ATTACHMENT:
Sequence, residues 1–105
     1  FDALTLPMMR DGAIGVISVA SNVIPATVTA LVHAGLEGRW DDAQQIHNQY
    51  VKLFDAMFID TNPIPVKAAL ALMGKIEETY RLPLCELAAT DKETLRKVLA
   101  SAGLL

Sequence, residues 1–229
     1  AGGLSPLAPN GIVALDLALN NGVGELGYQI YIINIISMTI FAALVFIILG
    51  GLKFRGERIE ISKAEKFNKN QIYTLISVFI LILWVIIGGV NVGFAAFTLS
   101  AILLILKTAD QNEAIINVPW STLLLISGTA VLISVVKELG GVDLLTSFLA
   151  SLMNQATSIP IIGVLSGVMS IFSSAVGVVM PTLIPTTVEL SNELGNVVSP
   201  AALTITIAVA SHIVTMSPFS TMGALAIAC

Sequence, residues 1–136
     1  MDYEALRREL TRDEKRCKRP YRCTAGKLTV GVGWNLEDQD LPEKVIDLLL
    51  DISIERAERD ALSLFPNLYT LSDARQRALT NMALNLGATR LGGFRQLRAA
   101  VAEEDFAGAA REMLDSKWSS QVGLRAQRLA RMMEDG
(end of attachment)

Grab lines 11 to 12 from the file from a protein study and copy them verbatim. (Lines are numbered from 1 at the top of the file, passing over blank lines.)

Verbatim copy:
Sequence, residues 1–136
     1  MDYEALRREL TRDEKRCKRP YRCTAGKLTV GVGWNLEDQD LPEKVIDLLL